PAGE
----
• The mode of transport you use throughout your trip. If you decide to fly by using light aircrafts that service certain parks, you can significantly reduce your travel time. If you choose to drive or make use of local transport methods, your travel time will be longer.
  • The proximity of the national parks, game reserves, and safari destinations to airports. This is particularly important to consider if you are planning a shorter safari trip and would like to cut down on travel time as much as possible.
  • If you are planning a multi-country African safari (which will require you to cross country borders), you will need to factor in additional travel time (due to the increased distance). You will also need to consider any potential delays that may arise at the border. The border crossing between Kenya and Tanzania is by far one of the most popular as many safari enthusiasts are eager to visit both the Serengeti and Maasai Mara on one trip. This means travelers will need to endure a whole day on the road to get from the Maasai Mara to the Serengeti, assuming that there are no issues when crossing the Isebania border. If you are planning a short safari trip it is best to avoid any border crossings and multi-country safari adventures all together.


How many days do you need for a safari

If you’re a safari enthusiast and head-over-heels wildlife lover with a lengthy bucket-list of all the African wildlife species you wish to see on your trip, you may want to extend your stay – depending on which wildlife species you wish to see.

Depending on the country and safari destination you choose to visit, some wildlife species may be very common. This means you will see them relatively early on in your safari.

Other wildlife species are more elusive and will require you to spend more time in a particular park or reserve to spot them. The same applies to endangered species, such as the African wild dog and black rhino, as there are only a limited number of these species. Some of Africa’s endangered species may not be present at all in certain national parks and reserves. Proper planning and research are vital to ensuring you visit the right country and safari destination to see the wildlife species you desire.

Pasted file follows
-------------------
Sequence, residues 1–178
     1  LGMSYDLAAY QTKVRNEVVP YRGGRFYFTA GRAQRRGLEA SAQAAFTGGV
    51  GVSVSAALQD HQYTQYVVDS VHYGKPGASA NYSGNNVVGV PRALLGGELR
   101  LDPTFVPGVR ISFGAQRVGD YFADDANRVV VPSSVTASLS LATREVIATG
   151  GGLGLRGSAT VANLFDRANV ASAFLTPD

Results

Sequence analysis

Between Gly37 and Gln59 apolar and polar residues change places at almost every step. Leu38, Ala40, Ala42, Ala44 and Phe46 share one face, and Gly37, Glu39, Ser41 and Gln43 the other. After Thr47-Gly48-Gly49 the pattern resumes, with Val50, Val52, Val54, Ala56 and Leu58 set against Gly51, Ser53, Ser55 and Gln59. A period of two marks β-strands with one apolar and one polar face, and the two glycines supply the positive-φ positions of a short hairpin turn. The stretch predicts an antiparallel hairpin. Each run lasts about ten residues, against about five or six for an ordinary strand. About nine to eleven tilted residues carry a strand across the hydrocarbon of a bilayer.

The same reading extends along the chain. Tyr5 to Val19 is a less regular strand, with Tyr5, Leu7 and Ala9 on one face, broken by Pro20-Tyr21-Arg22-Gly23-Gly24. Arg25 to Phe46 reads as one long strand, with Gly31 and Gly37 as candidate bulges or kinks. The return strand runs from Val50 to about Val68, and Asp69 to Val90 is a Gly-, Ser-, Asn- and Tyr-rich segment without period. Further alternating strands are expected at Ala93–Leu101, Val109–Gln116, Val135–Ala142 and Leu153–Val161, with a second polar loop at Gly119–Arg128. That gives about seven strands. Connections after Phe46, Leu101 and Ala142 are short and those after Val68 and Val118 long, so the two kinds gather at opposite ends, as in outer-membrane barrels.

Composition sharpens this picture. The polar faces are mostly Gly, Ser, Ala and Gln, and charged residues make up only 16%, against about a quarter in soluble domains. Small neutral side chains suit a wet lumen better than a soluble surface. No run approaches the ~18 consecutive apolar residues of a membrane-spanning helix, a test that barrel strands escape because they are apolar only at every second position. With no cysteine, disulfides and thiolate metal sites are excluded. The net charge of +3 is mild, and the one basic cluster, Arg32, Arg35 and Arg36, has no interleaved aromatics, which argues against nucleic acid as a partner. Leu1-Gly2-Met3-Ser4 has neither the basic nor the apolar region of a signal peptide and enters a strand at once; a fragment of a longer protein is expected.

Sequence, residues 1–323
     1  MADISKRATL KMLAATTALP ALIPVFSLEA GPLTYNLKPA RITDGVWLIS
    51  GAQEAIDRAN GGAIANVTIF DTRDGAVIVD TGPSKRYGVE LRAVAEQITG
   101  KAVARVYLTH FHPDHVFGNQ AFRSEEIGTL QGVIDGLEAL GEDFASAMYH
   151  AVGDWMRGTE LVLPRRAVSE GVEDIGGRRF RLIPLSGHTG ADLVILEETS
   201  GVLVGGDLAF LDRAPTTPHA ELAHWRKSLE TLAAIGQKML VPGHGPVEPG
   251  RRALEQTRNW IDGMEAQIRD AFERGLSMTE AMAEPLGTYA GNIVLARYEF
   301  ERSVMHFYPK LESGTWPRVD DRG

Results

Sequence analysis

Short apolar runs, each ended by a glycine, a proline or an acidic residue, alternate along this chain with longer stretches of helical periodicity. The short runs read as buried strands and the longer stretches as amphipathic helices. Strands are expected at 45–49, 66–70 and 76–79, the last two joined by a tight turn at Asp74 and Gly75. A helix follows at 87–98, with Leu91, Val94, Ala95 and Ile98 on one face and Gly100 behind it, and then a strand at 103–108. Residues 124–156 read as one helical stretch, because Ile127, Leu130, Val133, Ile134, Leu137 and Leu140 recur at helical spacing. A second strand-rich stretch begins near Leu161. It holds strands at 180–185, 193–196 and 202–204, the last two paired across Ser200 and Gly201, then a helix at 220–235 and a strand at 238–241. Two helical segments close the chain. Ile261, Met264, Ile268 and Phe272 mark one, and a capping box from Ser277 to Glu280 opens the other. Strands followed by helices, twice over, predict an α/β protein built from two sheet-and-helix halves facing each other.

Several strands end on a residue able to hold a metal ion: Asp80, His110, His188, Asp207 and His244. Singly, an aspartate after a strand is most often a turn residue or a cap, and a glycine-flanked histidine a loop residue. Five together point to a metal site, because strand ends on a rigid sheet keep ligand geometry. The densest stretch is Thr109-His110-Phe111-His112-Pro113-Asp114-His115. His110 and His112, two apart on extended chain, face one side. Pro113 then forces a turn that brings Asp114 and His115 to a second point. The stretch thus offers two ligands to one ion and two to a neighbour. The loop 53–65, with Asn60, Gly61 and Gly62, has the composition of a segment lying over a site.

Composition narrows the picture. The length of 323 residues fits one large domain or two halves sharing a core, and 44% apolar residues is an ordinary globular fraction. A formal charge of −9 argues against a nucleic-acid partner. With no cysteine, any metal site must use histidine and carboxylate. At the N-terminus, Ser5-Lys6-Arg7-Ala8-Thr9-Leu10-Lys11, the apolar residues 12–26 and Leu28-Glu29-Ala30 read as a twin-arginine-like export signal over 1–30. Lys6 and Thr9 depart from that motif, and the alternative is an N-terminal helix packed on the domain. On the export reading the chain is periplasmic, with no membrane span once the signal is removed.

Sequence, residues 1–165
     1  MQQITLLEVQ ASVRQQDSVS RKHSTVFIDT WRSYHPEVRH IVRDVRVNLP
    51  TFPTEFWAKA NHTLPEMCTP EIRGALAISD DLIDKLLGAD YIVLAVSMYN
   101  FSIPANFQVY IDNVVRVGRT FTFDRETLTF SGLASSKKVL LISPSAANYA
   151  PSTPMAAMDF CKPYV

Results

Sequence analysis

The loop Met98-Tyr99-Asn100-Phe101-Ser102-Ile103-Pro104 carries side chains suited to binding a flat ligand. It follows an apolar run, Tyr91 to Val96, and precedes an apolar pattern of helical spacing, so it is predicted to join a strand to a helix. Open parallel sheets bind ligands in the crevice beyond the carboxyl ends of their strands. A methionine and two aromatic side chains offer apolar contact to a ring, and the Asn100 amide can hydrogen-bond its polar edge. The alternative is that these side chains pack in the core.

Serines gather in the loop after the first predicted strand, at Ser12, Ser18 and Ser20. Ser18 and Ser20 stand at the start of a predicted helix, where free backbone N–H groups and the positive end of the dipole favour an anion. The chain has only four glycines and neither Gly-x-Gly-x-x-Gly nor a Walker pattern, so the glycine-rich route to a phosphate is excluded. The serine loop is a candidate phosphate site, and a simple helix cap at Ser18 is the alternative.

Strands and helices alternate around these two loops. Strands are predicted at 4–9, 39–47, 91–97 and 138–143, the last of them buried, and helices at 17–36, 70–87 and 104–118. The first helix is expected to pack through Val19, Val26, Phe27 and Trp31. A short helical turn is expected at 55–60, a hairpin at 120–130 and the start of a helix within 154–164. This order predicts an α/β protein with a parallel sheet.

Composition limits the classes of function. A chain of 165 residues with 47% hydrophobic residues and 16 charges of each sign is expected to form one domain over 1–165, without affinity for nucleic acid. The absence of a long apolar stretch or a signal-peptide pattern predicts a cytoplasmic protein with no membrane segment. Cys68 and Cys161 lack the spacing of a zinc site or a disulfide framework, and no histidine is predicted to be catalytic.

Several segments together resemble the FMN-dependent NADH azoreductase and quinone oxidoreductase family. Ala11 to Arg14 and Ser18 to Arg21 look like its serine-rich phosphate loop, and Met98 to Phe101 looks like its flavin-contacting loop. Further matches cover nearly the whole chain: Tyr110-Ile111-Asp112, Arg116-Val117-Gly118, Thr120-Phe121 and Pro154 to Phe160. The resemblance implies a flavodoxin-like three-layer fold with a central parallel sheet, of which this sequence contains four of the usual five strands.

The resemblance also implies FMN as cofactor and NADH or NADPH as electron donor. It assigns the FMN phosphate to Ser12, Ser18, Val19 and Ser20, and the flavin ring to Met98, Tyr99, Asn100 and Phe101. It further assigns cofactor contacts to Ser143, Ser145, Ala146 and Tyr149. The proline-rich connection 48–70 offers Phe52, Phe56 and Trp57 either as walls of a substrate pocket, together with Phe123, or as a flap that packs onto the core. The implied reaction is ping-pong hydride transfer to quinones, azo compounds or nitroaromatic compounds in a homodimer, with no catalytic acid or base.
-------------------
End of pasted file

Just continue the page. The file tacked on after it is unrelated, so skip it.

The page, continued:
First-time safari goers VS Safari connoisseurs

10 Reasons to go on a South African Safari

If it’s your first time travelling to Africa, chances are you’ll have a whole bucket-list of destinations and reserves you’d like to visit and safari adventures you’d love to experience. You’ll also be far more curious and eager to explore than those who have travelled to Africa before. If you’re a first-time safari-goer, we highly recommend planning a longer trip to make it well worth your while. As a general rule of thumb about two weeks (or 10 full days minimum) is a good amount of time to properly enjoy your first time in Africa.

Size & safari experiences

How many days do you need for a safari

The amount of time you should spend in one national park will depend on the size of the park, the different safari activities and experiences, as well as the diversity of wildlife and birdlife. Many of East Africa’s most sought-after parks are very large, and boasts several stunning landscapes, safari experiences, and an incredible diversity of wildlife and birdlife. This warrants safari-goers to spend more time enjoying and exploring everything it has to offer – ultimately resulting in a longer safari trip.

Some parks are much smaller in size, only warranting a day of exploring. An example is the Nakuru National park in Kenya. While it boasts beautiful landscapes, stunning scenery and some remarkable and rare wildlife species like the black and white rhino and flamingos, the park is not very large. If you are only planning to visit some of Africa’s smaller parks and reserves, a shorter safari trip deems appropriate.


Although jetlag only applies to international travelers, it is a factor that is often overlooked. It is important for international travelers to factor in the time it will take to adjust to South or East African time upon your arrival. If you want to enjoy every second of your safari holiday without the nasty jetlag getting you down, we highly recommend that you allocate a day or two to rest and adjust to your new time zone and surroundings.